Lawmakers fight to keep governors,
not president, in control of troops
By Bob Unruh
Responding to an executive order by President Obama, a new push is under way for states to adopt laws limiting the use of their National Guard units unless there is an invasion, insurrection or other limited circumstance.
As WND reported, Obama’s order establishes a new “Council of Governors” designated to advise on the “synchronization and integration of state and federal military activities in the United States.”
The recent order, posted on the White House website, was accompanied by the explanation that the group is to work “to protect our nation against all types of hazards.” It comes just weeks after the president issued a similarly obscure order vastly expanding INTERPOL’s privileges in the U.S.
The White House said the new council is to include governors and administration officials to review “such matters as involving the National Guard of the various states; homeland defense, civil support; synchronization and integration of state and federal military activities in the United States; and other matters of mutual interest pertaining to National Guard, homeland defense, and civil support activities.”
However, there was no definition of the group’s authority. Can the council recommend “military activities” and can the governors, who already are in command of their own state guard units, mandate activities outside of their areas of jurisdiction? The White House did not respond to WND questions on the issue.
Now the Tenth Amendment Center is recommending a model legislation that states can use to limit the activities of their own National Guard members.
The model legislation states: “The governor shall withhold or withdraw approval of the transfer of the National Guard to federal control in the absence of: a) A military invasion of the United States, or b) An insurrection, or c) A calling forth of the guard by the federal government in a manner provided for by Congress to execute the laws of the union, provided that said laws were made in pursuance of the delegated powers in the Constitution of the United States, or d) A formal declaration of war from Congress.”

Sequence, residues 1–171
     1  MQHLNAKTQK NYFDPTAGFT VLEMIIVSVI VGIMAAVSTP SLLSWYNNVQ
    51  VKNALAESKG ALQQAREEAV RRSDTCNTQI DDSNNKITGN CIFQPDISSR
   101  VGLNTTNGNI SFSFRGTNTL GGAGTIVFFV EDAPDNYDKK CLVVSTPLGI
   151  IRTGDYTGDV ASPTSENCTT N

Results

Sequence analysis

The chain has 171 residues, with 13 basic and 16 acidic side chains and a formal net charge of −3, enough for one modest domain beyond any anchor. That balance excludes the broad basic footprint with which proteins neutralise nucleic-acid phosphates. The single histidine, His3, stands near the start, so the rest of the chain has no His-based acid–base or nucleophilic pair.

The organization said the requests to state legislatures already have begun with a letter on the issue dispatched by Walt Garlington, founder of the Louisiana State Sovereignty Committee, to state Rep. Brett F. Geymann.
“I ask you to once again take up the cause of states’ rights and protect Louisiana from this latest unconstitutional action coming from Washington, D.C.,” the letter said. “Please introduce a bill reasserting the governor’s power over Louisiana’s National Guard to counteract the EO issued by Pres. Obama.”
The model legislation proposed by the Tenth Amendment Center says the law is, “For the purpose of requiring the governor to withhold or withdraw approval of the transfer of this state’s National Guard to federal control in the absence of an explicit authorization adopted by the federal government in pursuance of the powers delegated to the federal government in Article I, Section 8, Clause 15 of the U.S. Constitution.”